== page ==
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Ann Oncol. 1993 Feb;4(2):161-7.

Erythropoietin treatment for chronic anemia of selected hematological malignancies and solid tumors.

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1
Department of Medicine and Oncology, Wilhelminenspital, Vienna, Austria.

Abstract

BACKGROUND:

Neoplasias, especially in their more advanced stages, are often associated with chronic anemia of malignancy which impairs the patient's physical ability and quality of life.

PATIENTS AND METHODS:

Forty-two patients with chronic anemia associated with hematological malignancies (18 multiple myelomas, 10 myelodysplastic syndromes) or solid tumors (9 breast cancers, 5 colon cancers) were treated with 150-300 units/kg rHuEPO for a median time period of 16 weeks. Response was defined as an increase of the initial hemoglobin level by at least 2 g/dl.

RESULTS:

The response rates for solid tumors were comparable (44.4% and 40% for breast cancer and colon cancer, respectively), whilst the response in patients with hematological malignancies depended strongly on the disease entity (77.8% for multiple myeloma, 10% for myelodysplastic syndrome). Pretreatment serum levels of endogenous erythropoietin (EPO) were significantly higher in non-responding patients than in responders. During rHuEPO therapy, EPO levels in non-responders increased even further, while they remained basically unchanged in responding patients. In responders, the WHO performance status before the start of rHuEPO therapy was more favorable and showed impressive improvement during the course of treatment. The median survival time of responders was 28.0 months as compared to only 9.2 months for non-responders. Clinical symptoms of anemia subsided or at least considerably improved under successful rHuEPO therapy. With the exception of occasional flu-like symptoms, no undesirable effects of rHuEPO treatment were observed.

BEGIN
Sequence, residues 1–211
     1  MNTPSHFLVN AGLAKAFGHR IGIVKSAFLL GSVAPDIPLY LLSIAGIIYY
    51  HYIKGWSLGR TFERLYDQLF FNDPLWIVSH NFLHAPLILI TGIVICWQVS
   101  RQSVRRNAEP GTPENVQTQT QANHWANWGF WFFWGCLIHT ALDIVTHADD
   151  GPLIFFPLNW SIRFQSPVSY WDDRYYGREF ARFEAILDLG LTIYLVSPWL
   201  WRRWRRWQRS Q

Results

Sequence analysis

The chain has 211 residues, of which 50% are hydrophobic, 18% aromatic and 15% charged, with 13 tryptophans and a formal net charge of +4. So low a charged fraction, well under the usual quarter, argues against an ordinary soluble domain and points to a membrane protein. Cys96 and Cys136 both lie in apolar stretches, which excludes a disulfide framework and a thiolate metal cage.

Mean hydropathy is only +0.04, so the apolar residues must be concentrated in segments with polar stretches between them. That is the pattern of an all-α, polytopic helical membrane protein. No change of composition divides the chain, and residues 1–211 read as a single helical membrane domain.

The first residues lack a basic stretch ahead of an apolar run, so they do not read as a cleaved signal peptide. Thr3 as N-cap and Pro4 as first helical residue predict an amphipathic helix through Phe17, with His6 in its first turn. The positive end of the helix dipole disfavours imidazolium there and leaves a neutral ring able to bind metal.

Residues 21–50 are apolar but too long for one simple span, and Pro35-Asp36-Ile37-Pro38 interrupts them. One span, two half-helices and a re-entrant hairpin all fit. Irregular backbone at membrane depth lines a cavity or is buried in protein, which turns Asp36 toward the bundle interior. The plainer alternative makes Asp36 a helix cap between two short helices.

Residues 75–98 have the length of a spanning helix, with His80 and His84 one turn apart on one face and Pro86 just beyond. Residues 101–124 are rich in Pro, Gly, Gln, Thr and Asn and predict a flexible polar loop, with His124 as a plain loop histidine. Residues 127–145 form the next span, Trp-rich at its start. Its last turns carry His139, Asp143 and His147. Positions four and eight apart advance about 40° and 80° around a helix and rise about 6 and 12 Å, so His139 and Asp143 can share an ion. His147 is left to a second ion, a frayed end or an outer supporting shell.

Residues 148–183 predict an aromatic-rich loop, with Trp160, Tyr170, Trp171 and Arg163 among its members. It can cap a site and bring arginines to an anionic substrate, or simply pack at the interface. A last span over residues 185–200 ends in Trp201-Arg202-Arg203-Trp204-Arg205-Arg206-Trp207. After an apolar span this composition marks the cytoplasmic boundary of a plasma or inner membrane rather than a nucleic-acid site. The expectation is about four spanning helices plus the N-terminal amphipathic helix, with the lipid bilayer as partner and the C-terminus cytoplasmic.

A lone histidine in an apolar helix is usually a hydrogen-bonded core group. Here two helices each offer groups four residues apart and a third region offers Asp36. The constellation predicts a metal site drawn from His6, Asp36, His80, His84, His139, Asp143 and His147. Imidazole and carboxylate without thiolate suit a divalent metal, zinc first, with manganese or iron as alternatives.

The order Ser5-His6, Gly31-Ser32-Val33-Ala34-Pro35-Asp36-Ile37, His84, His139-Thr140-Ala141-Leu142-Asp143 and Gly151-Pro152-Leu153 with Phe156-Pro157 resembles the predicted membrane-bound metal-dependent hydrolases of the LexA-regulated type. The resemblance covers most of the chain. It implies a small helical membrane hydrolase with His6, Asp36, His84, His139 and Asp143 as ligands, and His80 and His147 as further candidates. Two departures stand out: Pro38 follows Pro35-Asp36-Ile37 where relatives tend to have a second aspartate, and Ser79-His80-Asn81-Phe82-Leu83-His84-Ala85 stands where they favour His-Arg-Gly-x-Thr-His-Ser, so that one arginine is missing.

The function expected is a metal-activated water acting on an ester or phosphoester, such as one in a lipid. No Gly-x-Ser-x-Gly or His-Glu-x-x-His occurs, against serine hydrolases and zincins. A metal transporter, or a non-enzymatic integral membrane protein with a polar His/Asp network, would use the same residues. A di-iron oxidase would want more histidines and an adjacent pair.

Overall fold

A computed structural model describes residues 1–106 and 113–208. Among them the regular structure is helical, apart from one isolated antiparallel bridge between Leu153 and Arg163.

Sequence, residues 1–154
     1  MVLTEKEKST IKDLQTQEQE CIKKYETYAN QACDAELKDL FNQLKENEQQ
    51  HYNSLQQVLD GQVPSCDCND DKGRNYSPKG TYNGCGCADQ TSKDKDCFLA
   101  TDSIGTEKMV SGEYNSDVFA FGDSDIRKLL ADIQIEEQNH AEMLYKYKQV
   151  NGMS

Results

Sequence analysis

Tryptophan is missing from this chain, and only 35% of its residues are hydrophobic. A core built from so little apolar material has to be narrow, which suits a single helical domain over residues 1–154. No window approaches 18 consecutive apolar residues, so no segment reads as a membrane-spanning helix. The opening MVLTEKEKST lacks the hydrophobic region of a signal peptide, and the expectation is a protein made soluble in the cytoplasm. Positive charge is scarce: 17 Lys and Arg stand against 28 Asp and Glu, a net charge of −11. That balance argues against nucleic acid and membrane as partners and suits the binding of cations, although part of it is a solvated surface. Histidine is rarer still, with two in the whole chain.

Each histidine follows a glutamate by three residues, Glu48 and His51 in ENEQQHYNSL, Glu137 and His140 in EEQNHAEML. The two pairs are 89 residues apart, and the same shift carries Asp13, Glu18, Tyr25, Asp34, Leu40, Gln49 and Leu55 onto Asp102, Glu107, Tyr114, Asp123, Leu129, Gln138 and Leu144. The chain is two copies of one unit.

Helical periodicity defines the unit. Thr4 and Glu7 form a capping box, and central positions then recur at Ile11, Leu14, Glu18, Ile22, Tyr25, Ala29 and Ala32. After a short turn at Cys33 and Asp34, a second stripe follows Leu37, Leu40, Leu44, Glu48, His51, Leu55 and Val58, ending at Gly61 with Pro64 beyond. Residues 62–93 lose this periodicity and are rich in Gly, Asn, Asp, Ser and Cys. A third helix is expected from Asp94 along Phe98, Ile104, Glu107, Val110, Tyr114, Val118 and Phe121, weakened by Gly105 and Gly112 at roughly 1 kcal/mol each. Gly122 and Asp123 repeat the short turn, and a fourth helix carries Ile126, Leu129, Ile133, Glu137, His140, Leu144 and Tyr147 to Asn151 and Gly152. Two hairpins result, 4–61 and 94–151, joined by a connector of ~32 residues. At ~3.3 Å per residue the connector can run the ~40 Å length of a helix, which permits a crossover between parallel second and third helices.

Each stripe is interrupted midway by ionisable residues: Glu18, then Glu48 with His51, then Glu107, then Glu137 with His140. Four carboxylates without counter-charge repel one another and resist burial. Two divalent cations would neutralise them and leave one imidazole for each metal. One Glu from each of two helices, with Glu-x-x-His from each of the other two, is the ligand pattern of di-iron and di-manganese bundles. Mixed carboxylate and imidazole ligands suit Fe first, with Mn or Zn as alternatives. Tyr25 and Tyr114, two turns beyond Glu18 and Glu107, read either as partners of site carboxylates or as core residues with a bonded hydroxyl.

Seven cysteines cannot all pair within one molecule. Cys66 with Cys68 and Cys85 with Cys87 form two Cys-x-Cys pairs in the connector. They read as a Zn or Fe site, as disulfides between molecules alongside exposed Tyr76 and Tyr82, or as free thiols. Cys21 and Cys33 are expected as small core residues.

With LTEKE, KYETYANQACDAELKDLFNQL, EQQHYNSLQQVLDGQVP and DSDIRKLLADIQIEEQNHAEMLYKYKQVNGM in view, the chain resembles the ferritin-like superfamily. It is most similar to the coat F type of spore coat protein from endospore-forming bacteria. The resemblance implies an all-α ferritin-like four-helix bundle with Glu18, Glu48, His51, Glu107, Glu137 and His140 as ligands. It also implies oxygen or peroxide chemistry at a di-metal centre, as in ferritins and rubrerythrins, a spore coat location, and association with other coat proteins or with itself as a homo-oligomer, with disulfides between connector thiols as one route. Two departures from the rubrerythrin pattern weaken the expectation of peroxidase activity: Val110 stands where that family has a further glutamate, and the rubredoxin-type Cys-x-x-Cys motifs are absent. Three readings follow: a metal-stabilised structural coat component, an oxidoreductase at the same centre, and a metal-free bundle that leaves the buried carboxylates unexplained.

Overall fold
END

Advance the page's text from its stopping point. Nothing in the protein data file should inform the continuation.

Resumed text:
CONCLUSIONS:

In conclusion, rHuEPO treatment corrected anemia of malignancy both in patients with hematologic disease and in those with solid tumors, but responsiveness varied considerably amongst the different disease entities.

PMID:
8448084
[Indexed for MEDLINE]
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